Things that go bump in the night...
I was descending the Galibier in a howling gale, my fingers stiff with cold and rain. The brakes were wet making the descent even more treacherous. The speed made raindrops feel like stones hitting my face and arms.
It was 3AM.
Mary sat up in bed. “Did you hear that?” she hissed.
The air conditioner was set at Arctic Blast. When she sat up, she pulled the pitifully thin blanket off of me. “Huh? I didn't hear anything. Go back to sleep.”
Moments later she sat up again. “Did you hear it? There's something in the room with us!” She turned the bedside lamp on its dimmest setting.
I sat up, looked around the room, and then pulled the blanket back up over my shoulders as I lay down again. “No. There's nothing here. Just go to sleep.” A polar bear may have been lurking in the bathroom. I didn't care. The blanket was the only protection I truly needed. A chupacabra could have been hiding under the bed, but if only I could get back to sleep it wouldn't matter. I was losing sensation in my extremities as the cold sapped body heat.
She turned the lamp off, and then just as I was dozing, riding over the crest of the Telegraph and grabbing a newspaper from a spectator in order to stuff it under my jersey as protection from the cold, “There it is again! Get up!” She turned on the lamp, hopped out of bed and turned on the overhead light as well. She went down the hall turning on the hall lights and the kitchen lights.
I got out of bed quietly so as not to disturb that slumbering polar bear. In the kitchen, I got a glass of water and looked around more carefully but didn't discover any bears, elephants, cape buffalo, or any other critter the size of a Volkswagen. And believe me, I looked very carefully.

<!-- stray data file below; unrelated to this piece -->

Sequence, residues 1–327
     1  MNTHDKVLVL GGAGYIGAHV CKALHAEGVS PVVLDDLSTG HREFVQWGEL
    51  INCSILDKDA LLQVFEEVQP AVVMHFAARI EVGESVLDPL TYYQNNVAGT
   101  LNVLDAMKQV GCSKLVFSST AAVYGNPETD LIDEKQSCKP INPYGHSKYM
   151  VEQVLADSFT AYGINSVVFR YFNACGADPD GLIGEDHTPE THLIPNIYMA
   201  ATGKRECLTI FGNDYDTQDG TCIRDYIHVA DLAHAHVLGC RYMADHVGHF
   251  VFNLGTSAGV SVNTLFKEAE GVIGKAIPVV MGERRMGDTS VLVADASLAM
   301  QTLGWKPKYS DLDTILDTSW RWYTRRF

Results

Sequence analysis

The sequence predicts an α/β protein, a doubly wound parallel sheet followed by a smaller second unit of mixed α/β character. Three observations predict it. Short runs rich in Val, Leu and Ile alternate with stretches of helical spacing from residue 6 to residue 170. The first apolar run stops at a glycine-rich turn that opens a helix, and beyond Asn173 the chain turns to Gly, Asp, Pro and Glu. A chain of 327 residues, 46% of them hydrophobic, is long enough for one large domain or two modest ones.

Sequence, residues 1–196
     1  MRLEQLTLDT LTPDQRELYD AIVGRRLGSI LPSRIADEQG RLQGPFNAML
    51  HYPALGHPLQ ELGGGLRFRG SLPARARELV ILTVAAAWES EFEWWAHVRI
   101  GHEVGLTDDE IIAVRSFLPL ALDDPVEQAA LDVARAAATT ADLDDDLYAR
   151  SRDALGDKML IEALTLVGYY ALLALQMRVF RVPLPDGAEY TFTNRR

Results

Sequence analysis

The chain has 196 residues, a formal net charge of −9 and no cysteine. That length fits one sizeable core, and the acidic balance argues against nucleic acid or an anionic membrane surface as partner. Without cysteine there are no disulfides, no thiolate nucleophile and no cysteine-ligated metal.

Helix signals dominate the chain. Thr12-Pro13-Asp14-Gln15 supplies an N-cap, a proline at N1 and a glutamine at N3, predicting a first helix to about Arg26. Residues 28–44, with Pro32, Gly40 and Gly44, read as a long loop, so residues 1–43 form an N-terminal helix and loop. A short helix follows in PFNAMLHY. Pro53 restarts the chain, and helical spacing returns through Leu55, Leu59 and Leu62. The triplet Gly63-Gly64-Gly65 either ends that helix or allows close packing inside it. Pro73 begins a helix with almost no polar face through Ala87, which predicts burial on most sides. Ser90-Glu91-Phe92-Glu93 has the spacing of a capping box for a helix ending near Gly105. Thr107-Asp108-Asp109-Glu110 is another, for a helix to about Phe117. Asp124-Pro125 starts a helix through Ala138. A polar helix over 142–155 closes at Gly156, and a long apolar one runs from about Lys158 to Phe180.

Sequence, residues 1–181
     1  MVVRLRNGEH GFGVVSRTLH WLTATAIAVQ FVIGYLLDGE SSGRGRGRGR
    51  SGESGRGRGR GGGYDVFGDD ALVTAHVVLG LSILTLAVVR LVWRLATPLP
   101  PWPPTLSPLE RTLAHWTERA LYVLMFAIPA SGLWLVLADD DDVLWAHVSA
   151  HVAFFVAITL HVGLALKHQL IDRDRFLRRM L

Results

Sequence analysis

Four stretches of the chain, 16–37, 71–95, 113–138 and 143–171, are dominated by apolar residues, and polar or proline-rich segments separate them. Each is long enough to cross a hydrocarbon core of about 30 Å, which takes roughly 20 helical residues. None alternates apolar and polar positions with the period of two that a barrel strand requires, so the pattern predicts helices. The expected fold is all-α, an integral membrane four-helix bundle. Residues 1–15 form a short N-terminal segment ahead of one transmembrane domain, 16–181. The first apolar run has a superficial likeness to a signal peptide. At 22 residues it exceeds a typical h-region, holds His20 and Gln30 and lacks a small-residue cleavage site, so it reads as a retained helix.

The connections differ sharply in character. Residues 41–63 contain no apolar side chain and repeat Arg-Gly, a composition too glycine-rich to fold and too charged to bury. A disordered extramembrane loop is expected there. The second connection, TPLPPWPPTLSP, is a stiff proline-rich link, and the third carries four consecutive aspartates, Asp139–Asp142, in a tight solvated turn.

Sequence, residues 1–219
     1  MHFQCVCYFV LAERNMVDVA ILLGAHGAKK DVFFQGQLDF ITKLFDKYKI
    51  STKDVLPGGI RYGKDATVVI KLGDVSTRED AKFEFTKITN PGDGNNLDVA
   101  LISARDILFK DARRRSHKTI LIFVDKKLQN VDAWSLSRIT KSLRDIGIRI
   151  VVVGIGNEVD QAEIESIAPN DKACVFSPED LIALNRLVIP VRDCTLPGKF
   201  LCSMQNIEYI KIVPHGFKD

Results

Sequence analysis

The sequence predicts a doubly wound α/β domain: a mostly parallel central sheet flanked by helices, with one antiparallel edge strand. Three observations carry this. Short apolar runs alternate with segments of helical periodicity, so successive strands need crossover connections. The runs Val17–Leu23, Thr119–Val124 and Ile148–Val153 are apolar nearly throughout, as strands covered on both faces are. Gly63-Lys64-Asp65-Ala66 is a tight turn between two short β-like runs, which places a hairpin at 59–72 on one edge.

We went back to bed after I visited the bathroom, stepping over the sleeping bear on the way. Mary brought her cat to bed, an astute move on her part, because the cat's more finely tuned senses would be our early warning device, a trip wire against any intruder. Not that the cat would be much help, of course, since his normal reaction to anything unusual is to have an immediate nervous breakdown requiring hospitalization in a veterinary psychiatric facility. He'd warn us by completely freaking out, howling like a madman while going totally rigid and swelling up the the size of a furry beach ball.
The cat curled up with his tail over his head and went to sleep. Mary went to sleep.
I was wide awake. I got up and kicked the polar bear back to consciousness, and then we went out for coffee.